August 2013 Update: It’s clear I had some time on my hands back in 2009. This post was my silly attempt to understanding Twitter after 1.5 months on the service. Anyways, I don’t feel the same way now. Guy Kawasaki is a rock star. He’s Asian, I’m Asian. He has adopted kids, I have adopted kids. End of story.
I’ve been on Twitter for 44 days now. In sum, I love Twitter: I find it to be a very helpful utility for both consuming information as well as for contributing to a conversation. But, I have some other observations too that I’d like to share in a series of posts. This is Part 1 of my observations on Twitter,Â and here are Part 2 and Part 3 and Part 4.
Tweets come in all forms — useful, useless, agnostic, and bizarre. People who tweet also fall into the same categorization: useful, useless, agnostic, bizarre, and [use your imagination]. One observation is that there are some who tweet that have a lot of followers. As I’ve scoured the people with a lot of followers and tried to make a judgment on the value of their tweets — in general — I came away lacking: why would anybody follow these people?
Case in Point: Guy Kawasaki has almost 47,000 followers. As a former follower for 2 days, I noticed that his tweets were robotic; unnatural; it felt like a bot was tweeting for him. So, I happily unfollowed him — he wasn’t interesting at all & just added noise to my already overcomplicated life.
Then, it dawned on me — that Guy Kawasaki’s tweet behavior was like a rambling drunk at a neighborhood bar: he couldn’t stop tweeting and was, for the most part, rambling stuff nobody wanted to hear.Â I also became curious about the quantitative nature of Guy Kawasaki’s tweets — so, I ran some numbers.
- Guy’s earliest tweet I could find was dated November 8, 2008 — 64 days ago.
- Within 64 days, Guy Kawasaki has 16,457 tweets.
- This means the following:
- 16457/9.14 weeks = 1800 tweets per week (tpw)
- 16457/64 days = 257 tweets per day (tpd)
- 16457/1536 hours = 10 tweets per hour (tph)
- 16457/92,160 minutes = 0.17 tweets per minute (tpm)
- 16457/5,529,600 second = 0.003 tweets per second (tps)
Looking at the raw numbers above, it’s pretty astounding that a human can tweet that much. It’s pretty overwhelming and, hence, I unfollowed him. But, why does he have almost 47,000 followers?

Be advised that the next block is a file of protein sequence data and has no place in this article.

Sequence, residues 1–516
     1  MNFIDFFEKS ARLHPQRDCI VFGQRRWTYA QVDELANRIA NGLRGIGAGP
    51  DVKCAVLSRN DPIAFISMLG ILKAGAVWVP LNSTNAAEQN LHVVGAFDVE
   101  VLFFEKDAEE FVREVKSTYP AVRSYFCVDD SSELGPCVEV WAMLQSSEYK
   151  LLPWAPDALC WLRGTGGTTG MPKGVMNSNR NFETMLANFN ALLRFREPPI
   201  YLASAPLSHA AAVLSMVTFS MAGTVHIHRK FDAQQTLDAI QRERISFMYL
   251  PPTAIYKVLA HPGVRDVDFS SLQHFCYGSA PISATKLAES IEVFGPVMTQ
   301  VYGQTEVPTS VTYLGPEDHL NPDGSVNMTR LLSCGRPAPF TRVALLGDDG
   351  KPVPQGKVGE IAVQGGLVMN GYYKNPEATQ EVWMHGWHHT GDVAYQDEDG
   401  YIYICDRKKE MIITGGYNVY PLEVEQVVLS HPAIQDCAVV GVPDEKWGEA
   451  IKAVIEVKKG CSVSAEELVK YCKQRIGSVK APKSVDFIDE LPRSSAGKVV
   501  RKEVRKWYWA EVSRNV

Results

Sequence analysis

The Guy Kawasaki scenario led me the following hypothesis:
- Those who tweet the most useless noise have the most followers1.
Perhaps my hypothesis can be displayed as a simple table like below:
- the top-left quadrant says that “there aren’t very many followers for low-value tweets”
- the bottom-left quadrant says that “there are a bunch of followers for low-value tweets
- the top-right quadrant says that “there aren’t very many followers for high-value tweets”
- the bottom-right quadrant says that “there are a bunch of followers for high-value tweets”
Based on this table, I’d consider Guy Kawasaki to occupy the bottom-left quadrant.
I’m not picking on Guy Kawasaki at all — in fact, my comments are more of an indictment on the followers than on Guy Kawasaki, the man. He can tweet whatever he wants — but, people have a choice to follow or not to follow. For some reason or other, he still has 47,000 followers.
Let me generalize even further: beyond Guy Kawasaki — my hypothesis is a generalized theory on twitter as a community: maybe twitter is subject to the laws of Game Theory, namely, the paradox of conformity —
Conformity: People in a group often believe and do the same thing as people around them. This leads to an Information Cascade â€” that is, you do what other people do, etc. For example, if you are eating at a fancy restaurant and donâ€™t know which fork to use, you naturally look to see which fork the first person used, and you use the same one. Then, the third person notices which fork you and the first person used, and he does the same. And so on.
In other words, perhaps Guy had a bunch of followers, so more joined his bus thinking that, if they didn’t follow him, they might be missing something or not be in the “in-crowd”.
So, I only use Guy Kawasaki as a case study for this post. He can obviously do whatever he wishes with his tweets. I actually like him. He is Asian — which helps and, more importantly, he’s an adoptive father — so am I (baby 1, baby 2, baby 3). So, I like him and my observations are really more on Twitter as a community of conformity than it is anything personal about Guy Kawasaki.
- It would be easy enough to make this quantitative, such that we can actually prove or fail to reject this hypothesis.Â What is required is to increase the sample size to something statistically significant and complete the cells in the chi-square categorical table above.Â Using the Chi-Square hypothesis test and distribution, we can then conclude whether or not we can fail to reject this hypothesis.Â Since I do not that, please take this post with a grain of salt, have a sense of humor, and have some fun with it. ↩